A gigantic network of passages, canals, fissures and caverns runs through the limestone soil of the Yucatan Peninsula in Eastern Mexico. Experts consider it to be the world’s largest continuous cave system. It stretches over hundreds of kilometres – even until today, nobody knows exactly how long it is.
Falling sea levels during the ice age exposed the carbonate rock layer, causing intensive karstification and weathering processes, such as dissolving, of the rock below the surface to begin. Karstification also explains why there are almost no rivers or lakes in the northern part of the peninsula. Precipitation drainage in the area mainly takes place underground through an extensive cave system. On the surface, however, the karst nature of the landscape is visible from a great distance due to numerous shaft-like sinkholes in the ceilings of limestone caves – the so-called “cenotes”. The term is derived from the Mayan word “ts`onot”, which means “sacred well”. The streams of water flowing underground are accessible by means of these cenotes. Over 3,000 cenotes can be found in Yucatan, which were already of great significance for people during prehistoric times.
Fire sites and human bones, discovered by underwater archaeologists during dives in the vast expanse of labyrinths, testify to this fact. The Leibniz-Laboratory for Radiometric Dating and Isotope Research in Kiel determined the age of the charcoal remains of these fires to be 8,400 years. This caused the previously estimated date of arrival of the first immigrants to the peninsula to be moved considerably further forward.
Flows leads you on a journey never before taken, exploring the aquifer on the
Yucatan Peninsula in Mexico. Flows will show you unique footage from the air and
underwater, taking you more than a kilometre into a submerged cave system to
see the incredible mirror mirage where salt and fresh water meets and much
more. Music in Flows is by Thom Yorke.
The film provides a diverse mix of visually stunning scenes including coral and
barrier reefs, aquatic animal species, the expansive underwater river system, Sian
Ka’an Marine Reserve, tropical mangrove forests, and the ocean juxtaposed with
the challenges of construction, tourism, unsustainable development and
An open fire in the caves was quite possible at that time, as sea level was approximately 65 metres lower than today. The underground labyrinth, therefore, previously formed by rainwater runoff, was dry in the past, as the stalactites and stalagmites in the crystal clear water show today. After the end of the last ice age, the glaciers melted and water flooded the caves, preserving the relicts of the past. The temperature in the caves was a constant 26 degrees, the water current was weak and it was completely dark.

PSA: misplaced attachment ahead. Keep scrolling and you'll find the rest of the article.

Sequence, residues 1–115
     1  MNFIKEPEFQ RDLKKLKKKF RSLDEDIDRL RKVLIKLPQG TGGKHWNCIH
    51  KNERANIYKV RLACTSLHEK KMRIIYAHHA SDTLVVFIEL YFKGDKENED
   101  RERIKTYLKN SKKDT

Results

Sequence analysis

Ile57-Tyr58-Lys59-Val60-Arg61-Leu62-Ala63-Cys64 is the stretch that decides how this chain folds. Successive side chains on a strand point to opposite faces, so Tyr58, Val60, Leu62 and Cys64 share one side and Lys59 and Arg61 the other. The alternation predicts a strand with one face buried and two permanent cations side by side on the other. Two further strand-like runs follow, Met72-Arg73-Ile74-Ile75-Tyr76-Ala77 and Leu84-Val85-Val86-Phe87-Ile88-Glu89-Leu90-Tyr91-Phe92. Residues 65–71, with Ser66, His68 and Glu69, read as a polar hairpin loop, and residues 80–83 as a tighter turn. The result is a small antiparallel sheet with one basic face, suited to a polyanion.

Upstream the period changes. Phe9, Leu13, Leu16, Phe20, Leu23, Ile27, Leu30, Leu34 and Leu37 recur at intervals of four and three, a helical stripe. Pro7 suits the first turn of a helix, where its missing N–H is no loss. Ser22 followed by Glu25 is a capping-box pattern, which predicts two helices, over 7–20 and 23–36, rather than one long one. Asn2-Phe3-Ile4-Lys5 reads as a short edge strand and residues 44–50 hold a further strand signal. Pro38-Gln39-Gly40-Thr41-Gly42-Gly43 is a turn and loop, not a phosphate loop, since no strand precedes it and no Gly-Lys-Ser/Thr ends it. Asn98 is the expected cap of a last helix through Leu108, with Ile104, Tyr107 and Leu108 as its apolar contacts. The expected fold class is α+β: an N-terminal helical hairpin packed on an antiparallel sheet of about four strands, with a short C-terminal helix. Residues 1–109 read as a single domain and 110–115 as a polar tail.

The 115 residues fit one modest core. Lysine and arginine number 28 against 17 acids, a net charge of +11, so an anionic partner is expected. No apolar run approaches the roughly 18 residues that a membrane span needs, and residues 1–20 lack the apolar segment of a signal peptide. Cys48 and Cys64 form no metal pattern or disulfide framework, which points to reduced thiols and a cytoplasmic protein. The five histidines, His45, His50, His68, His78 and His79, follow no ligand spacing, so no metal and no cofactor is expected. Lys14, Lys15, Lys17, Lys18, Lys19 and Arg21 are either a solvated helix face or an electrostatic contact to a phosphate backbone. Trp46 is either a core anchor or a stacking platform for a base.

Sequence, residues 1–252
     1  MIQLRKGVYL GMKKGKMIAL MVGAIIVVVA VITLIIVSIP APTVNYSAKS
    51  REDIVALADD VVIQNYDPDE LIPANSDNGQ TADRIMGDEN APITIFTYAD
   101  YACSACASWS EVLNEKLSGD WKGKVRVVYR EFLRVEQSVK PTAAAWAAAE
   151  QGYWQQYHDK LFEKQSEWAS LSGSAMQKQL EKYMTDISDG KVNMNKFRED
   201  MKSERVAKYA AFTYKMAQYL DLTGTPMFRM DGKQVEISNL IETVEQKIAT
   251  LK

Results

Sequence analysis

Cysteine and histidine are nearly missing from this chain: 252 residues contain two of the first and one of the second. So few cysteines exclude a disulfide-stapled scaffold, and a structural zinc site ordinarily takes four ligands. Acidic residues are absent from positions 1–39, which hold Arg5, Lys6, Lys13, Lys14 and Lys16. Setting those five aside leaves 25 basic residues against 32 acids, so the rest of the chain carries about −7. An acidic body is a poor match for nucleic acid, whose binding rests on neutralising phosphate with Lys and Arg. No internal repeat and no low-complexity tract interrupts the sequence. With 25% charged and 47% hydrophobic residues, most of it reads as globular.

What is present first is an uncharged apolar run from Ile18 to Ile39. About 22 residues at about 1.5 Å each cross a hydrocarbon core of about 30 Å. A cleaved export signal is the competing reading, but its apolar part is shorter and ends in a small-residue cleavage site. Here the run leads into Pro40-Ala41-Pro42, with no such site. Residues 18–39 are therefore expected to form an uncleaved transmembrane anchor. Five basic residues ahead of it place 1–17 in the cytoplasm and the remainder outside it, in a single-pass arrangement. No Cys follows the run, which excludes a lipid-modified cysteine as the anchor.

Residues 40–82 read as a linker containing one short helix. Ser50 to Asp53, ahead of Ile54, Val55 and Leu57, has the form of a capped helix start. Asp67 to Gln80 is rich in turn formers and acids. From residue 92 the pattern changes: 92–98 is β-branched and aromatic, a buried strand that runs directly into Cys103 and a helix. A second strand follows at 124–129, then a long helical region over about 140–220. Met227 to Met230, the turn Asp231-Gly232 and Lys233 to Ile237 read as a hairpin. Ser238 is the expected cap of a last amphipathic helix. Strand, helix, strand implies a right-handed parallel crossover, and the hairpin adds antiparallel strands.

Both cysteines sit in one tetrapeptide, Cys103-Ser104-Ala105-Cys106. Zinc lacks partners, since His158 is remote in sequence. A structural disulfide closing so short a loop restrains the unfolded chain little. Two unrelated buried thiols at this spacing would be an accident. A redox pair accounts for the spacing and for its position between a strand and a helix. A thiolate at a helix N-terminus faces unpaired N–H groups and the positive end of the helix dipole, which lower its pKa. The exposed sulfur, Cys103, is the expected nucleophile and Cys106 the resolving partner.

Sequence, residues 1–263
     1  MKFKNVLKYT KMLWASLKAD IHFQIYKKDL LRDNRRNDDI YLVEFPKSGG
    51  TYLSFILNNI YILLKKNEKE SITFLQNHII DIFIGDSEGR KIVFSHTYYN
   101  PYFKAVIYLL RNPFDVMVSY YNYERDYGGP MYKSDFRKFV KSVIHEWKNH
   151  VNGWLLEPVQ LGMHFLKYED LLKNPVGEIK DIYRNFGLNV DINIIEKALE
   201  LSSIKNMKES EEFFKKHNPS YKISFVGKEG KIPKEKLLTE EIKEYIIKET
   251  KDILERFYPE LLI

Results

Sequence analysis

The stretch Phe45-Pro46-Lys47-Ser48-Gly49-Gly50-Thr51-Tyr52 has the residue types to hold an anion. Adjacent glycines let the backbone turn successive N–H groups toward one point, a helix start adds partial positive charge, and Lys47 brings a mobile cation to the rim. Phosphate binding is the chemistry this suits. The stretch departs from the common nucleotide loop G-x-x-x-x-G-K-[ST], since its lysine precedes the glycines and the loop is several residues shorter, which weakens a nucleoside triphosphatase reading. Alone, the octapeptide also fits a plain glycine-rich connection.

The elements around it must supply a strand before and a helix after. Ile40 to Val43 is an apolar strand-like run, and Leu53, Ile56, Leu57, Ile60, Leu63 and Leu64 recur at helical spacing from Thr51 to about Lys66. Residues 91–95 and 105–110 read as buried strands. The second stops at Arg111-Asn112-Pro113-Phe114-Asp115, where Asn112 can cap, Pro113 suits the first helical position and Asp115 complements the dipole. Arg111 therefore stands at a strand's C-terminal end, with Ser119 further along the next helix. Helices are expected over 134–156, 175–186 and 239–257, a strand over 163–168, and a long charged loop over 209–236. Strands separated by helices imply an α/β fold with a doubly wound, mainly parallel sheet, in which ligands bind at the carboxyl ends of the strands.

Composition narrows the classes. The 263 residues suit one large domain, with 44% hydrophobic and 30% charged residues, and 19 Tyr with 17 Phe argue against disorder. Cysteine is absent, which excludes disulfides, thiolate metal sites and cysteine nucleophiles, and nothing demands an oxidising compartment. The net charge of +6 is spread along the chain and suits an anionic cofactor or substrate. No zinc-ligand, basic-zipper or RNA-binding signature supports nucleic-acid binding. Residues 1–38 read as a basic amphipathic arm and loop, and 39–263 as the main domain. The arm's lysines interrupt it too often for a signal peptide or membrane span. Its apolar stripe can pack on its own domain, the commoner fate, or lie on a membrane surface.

The water level of the cenotes was high, even during the classical Maya period, as this level is dependent on the sea level. The cenotes were essential to the Mayan people for survival, as Yucatan has very few notable rivers. They did not only derive their drinking water from the cenotes, however. They also threw offerings for their gods – both dead and alive - into the deep holes. Over 120 human skeletons were found in one cenote – the largest cenote in the town of Chichén Itzá.
In co-operation with theInstituto National de Antropología e Historia(National Institute of Anthropology and History, INAH), underwater archaeologists from theArbeitsgruppe für maritime und limnische Archäologie(AMLA) from the Institute for Prehistory and Ancient History at the Christian-Albrechts-Universität Kiel have been researching flooded cave systems and cenotes (collapse dolines) in the northern part of the Yucatan peninsula in Mexico since the summer of 2009.
The research divers from Kiel bring the necessary expertise for these complex dives. The co-operation with their Mexican colleagues aims at gathering, researching and preserving archaeological finds and features from different historical periods from the extensive cave systems of the Yucatan and Quintana Roo states. Abundant finds have already been documented since the beginning of the investigations, including bones from fauna in the glacial period, prehistoric fire sites and burials, as well as religious and secular remains of the Mayan people.
Although the cenotes are the focus of the investigations of Florian Huber’s (AMLA) archaeological research team, a detour to Isla Contoy is also part of the work programme. The research divers will obtain an overview of the deposits of significant artefacts from the various historical epochs, in the marine waters around the Isla Contoy National Park.